Combining the Two
Now that we have gone over both the idea of moving average explosions and the mechanics behind the short squeeze, let's see how we can isolate a profitable opportunity. In Figure 3, we will deal with a great example in the GBP/EUR pair. Looking back to March 2016, the pound faced major resistance at the 50-day moving average near $1.1675. After retracing slightly, the buyers win out, pushing the currency pair through the simple moving average and sparking the buying momentum to send the pair almost 300 points above the open price. At the same time, positions that were previously short flip positions to minimize losses, fully supporting the heightened move.



Figure 3: GBP/EUR


1. Identify the potential
In Figure 3, the lack in conviction in sending the price lower after a bounce off of the resistance of the 50-day moving average, suggests that the bears are not in full control of the momentum.

2. Zoom into a detailed entry
With the opportunity identified, the trader look for a move above the resistance for an opportunity to enter. The subsequent bounce and move above the moving average (shown by the blue circle) signals the reversal and the bulls all look to enter a position as close to the moving average as possible to maximize their risk/reward.

3. Place the entry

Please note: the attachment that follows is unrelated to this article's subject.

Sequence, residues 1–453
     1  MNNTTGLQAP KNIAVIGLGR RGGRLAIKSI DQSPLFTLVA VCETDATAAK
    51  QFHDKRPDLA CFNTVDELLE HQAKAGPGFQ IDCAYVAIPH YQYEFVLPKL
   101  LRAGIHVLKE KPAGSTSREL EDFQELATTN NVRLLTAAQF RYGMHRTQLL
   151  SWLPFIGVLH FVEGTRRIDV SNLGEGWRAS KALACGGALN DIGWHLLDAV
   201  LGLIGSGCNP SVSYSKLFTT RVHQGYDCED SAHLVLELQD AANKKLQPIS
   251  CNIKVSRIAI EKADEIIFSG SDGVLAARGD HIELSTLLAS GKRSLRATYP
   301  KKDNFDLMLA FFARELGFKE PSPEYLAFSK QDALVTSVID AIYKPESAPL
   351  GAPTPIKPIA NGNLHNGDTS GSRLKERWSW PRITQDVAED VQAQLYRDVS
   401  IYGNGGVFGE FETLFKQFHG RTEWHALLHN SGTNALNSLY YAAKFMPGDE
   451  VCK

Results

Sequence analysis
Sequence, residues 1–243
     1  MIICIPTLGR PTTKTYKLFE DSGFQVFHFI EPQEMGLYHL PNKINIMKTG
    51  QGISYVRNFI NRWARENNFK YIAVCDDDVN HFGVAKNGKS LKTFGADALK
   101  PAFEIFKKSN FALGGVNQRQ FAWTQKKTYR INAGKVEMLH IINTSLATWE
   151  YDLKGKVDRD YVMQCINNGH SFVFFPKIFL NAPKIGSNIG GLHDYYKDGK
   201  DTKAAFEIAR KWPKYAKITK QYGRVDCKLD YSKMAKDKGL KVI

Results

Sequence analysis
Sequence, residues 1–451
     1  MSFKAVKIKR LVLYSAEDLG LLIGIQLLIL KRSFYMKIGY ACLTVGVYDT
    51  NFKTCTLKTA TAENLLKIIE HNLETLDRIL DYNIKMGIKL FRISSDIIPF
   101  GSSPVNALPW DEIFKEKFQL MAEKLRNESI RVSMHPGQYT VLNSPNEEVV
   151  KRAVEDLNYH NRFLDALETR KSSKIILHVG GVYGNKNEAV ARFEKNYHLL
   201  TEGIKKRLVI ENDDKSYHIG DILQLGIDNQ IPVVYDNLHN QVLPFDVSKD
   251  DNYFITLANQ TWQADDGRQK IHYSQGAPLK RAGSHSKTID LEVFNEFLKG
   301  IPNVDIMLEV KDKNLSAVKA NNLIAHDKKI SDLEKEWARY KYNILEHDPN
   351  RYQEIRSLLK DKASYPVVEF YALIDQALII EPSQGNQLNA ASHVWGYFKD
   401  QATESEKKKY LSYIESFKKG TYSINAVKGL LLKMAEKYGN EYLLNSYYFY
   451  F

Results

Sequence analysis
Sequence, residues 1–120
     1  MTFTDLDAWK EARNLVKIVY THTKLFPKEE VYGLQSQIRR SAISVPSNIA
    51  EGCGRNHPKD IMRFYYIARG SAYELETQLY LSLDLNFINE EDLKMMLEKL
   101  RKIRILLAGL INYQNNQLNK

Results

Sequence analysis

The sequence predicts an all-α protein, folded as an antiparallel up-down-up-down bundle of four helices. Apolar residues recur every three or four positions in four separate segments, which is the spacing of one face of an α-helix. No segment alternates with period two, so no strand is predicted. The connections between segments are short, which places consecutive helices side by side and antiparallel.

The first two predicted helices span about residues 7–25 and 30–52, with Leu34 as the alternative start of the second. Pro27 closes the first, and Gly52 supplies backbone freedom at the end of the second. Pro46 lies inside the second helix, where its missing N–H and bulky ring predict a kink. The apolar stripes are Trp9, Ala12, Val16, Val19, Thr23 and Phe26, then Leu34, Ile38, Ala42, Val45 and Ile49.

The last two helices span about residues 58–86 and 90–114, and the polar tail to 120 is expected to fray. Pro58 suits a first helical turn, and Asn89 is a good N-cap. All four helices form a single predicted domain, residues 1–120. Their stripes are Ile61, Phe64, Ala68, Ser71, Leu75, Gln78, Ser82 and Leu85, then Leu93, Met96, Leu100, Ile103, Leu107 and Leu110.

Now that the analysis has been completed, initiating the trade is simple. Taking the resistance into account, the trader will place an entry just above the resistance as identified by the 50-day moving average (blue circle). Sometimes an entry higher above the range, such as the open on the day after the breakout, will add an additional confirmation, indicative of the momentum. As a result, the entry will be placed several points above the moving average. The corresponding stop will be placed just below the next level of support, which in this instance is now below the 50-day moving average. Should the price action break down, this will confirm a turnaround and will take the position out of the market.

4. What's the payoff?
The reward is well worth the few points of risk in this example, as the impending move takes the position higher toward the 1.2000 handle, giving the trader an extremely handsome profit. The result is a risk-reward ratio that is almost 4:1, better than the minimum recommended 2:1 ratio.

In Closing
Moving averages can offer a lot more insight into the market than many people believe. Combined with capital flow and a key market sense, the currency trader can maximize profits while keeping indicators to a minimum, retaining a highly sought after edge. Ultimately, succeeding at the moving average explosion is about knowing how participants are reacting in the market and combining this with indicators that can keep knowledgeable short-term traders opportunistic and profitable in the long run. (To read more about market behavior, see Understanding Investor BehaviorTaking A Chance On Behavioral Finance and Mad Money ... Mad Market?)

Moving Average Strategies